Machines and Emotions Summary


In this essay, Bertrand Russell describes some of humanity’s natural instincts, desires and cultural practices. Then he explains how machines are beneficial or harmful to our general nature and our nurtured or learned cultural practices. The writer says that the machines have made the life of their owners comfortable but those of the workers miserable. Machines demand the qualities of regularity, punctuality, and exactness while there is no scope for the workers to do anything different or new. Their desire to do something is never satisfied and they become rebellious. They find their satisfaction in world wars. The writer makes some suggestions so as to avoid the possibility of a third world war by making the workers happy.

About the Writer

Bertrand Russell (1872-1970) lived most of his life in the twentieth century and personally witnessed the ferocity and agony of the two world wars. He has also been a witness to the great industrial progress of his time made by the machines. It is therefore natural that he takes up the question of the cause of these wars and comes to attack the machines which are intensely hated. Russell is prominently noted for his anti-war and anti-nuclear campaign.

Bertrand Russell is a controversial writer. He has written on a number of subjects which include, apart from science and humanities, history, political theory, religion and education. He has made an important contribution to philosophy and logic. Some of his principal works are The Principles of Mathematics, (1903) and Principia Mathematica which he wrote with Whitehead (1909). In 1950 he was awarded the Nobel Prize for Literature.

Summary of the Essay

According to Bertrand Russell, there should be no opposition between machines and emotions. The machines were invented by the West for increasing their wealth and prosperity and the people of the East are jealous of the West because the West had machinery but the East did not have it. The people of the East also love machines now.

The important question for Russell is why people love machines. The answer is that machines give power and money to the man and with money a man can satisfy his physical needs like food, clothes, house etc. No doubt, machines can reduce poverty but the problem is that those who love machines have already enough to provide them against poverty. If people love machines and money for reducing poverty and destitution, there is a justification for them. But what justification is there for those people who have enough to meet their physical needs, and yet want to increase their money? They want more money because they want to have the power to do good, not to themselves but to cause pain to others. They feel happy with the idea that those who have to work with machines have to live in dust and dirt caused by machines while they themselves sit away from them and from the dirt and dust in which the workers have to work.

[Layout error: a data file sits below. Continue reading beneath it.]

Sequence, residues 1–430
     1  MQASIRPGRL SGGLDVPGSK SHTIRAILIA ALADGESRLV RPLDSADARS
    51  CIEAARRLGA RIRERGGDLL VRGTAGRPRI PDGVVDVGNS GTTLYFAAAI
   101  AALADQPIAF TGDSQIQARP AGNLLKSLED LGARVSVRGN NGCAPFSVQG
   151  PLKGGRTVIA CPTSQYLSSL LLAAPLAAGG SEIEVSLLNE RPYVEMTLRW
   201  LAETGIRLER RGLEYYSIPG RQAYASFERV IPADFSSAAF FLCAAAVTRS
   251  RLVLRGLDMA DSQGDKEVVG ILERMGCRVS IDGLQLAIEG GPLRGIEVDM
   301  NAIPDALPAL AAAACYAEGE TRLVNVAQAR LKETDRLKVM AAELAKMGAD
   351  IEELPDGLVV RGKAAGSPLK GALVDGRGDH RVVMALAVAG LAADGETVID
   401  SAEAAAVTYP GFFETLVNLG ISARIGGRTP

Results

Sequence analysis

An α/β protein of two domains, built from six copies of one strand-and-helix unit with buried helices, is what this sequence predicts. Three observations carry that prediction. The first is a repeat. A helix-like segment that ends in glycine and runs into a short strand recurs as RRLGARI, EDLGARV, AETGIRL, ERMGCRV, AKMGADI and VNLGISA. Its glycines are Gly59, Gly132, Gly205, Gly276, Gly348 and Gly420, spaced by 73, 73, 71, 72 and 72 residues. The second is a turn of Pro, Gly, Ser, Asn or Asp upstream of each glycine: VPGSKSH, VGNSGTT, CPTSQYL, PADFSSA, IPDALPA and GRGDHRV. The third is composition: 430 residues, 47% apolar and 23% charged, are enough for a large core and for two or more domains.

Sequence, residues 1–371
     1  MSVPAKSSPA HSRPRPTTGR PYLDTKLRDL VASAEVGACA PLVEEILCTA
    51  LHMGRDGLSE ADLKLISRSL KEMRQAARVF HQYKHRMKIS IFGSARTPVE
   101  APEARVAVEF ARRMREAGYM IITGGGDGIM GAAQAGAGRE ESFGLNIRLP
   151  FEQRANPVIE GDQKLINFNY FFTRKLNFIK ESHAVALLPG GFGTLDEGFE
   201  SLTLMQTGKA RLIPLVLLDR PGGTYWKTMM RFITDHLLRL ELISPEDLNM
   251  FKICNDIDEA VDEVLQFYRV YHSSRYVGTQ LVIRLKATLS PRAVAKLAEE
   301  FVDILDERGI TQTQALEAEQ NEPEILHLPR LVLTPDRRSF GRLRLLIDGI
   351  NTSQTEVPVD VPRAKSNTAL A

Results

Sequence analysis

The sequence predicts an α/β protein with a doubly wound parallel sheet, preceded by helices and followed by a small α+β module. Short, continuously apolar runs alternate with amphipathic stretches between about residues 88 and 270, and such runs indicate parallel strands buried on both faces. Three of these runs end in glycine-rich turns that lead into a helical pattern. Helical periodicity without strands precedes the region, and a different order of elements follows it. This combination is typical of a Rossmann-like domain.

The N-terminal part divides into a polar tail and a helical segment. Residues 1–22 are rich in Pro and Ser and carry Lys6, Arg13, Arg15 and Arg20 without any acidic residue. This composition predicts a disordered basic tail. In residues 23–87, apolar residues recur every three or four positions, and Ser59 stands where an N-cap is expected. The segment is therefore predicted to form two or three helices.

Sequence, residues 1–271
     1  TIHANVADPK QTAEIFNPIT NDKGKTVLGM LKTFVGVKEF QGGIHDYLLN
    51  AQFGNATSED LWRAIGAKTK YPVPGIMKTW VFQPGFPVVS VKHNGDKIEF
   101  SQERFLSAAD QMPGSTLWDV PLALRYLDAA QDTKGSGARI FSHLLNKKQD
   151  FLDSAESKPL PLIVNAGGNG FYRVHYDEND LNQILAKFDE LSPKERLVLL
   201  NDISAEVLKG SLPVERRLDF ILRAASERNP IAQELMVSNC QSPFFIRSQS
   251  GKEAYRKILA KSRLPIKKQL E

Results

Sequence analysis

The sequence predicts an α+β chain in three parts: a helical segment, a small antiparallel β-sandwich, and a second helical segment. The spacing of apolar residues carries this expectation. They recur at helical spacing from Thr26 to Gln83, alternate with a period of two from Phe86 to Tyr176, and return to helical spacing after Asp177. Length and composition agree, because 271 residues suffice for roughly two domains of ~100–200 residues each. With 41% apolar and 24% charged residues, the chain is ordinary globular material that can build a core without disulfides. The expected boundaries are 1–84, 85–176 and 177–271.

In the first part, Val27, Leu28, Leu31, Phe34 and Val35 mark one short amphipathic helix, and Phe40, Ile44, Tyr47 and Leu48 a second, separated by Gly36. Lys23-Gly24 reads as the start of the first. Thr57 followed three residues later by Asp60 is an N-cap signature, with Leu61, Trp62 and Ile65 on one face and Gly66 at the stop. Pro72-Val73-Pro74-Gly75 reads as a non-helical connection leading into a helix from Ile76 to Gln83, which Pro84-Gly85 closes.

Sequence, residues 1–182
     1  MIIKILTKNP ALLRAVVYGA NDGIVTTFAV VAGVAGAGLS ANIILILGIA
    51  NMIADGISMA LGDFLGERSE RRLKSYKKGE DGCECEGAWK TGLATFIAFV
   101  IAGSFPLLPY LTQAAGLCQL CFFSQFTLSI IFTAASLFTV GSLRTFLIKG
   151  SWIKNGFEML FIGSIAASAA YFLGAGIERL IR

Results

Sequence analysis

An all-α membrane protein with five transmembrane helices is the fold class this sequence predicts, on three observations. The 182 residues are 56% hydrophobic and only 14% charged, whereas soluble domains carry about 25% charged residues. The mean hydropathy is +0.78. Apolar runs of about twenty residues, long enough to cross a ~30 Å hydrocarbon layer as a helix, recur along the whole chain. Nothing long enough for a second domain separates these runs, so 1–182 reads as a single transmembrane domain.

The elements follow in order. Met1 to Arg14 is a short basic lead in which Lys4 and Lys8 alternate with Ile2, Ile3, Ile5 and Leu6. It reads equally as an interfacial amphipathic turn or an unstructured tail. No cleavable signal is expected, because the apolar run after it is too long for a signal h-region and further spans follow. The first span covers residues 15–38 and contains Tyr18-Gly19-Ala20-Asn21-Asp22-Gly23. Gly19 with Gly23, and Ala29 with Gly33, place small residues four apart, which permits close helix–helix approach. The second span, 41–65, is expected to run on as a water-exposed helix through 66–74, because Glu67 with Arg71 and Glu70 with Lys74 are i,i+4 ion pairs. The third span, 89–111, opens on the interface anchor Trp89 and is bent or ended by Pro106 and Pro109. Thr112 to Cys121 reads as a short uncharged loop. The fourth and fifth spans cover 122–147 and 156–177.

The writer says that there is no harm if the wealth that machines create is needed for meeting the physical necessities of life and to that limit, the use of machines is perfectly acceptable. There is nothing objectionable about machines if these are used for reducing poverty and destitution among people and nations. But how to account for the love of money for money’s sake only? Those whose physical needs are totally satisfied yet they want more and more money. The answer to it is that people want power through money and machines. They want to live a life better than others. In other words, they want to be admired and appreciated because they have more than they need so that others who do not have as much money should feel jealous of them. The writer says that for such people happiness is in proportion to their wealth. They have so much that they do not know what to do with their excess money and so they spend it on things in which they are in the least interested. But they do so, so that others may feel jealous of them. Thus the happiness that money gives to them is in proportion to the pain that others feel in being jealous of them and it is for this reason that people want more money. If by law it is decided that everyone will have the same amount of money, neither more nor less, the competitive advantage that money gives will not be there and people will not want more money and more machinery.

The reason is that the desire for admiration and appreciation that everyone has is natural in man and this desire is the source of competitive spirit in man. The disadvantage with working on machines is that man is unable to satisfy his competitive instinct. Machines demand machine like qualities in man—regularity, punctuality and exactness. Being dissatisfied with regularity their instincts become rebellious. They want spontaneity and variety and these are the qualities discouraged by machines. The workers want to do something new, different and unusual. But they have no opportunity for doing so. Consequently, their instincts seek their expression and relief in war. This is the reason for the modern costly world wars in our days. The writer says that something needs to be done to curb these rebellious and anarchic tendencies in man. One method is to provide workers with opportunities for doing something unusual and new. For this, the workers may be given one month’s leave on full pay to do what they like to satisfy their natural instincts. They may climb the Alps mountains or work on an aeroplane and the like. All this will give them relief and the desire for war will disappear. Psychology has not made the study of human nature from this point of view. In this way, the desire for collecting too much wealth will naturally disappear and man will be happier. Then there will be no opposition between machines and human emotions.


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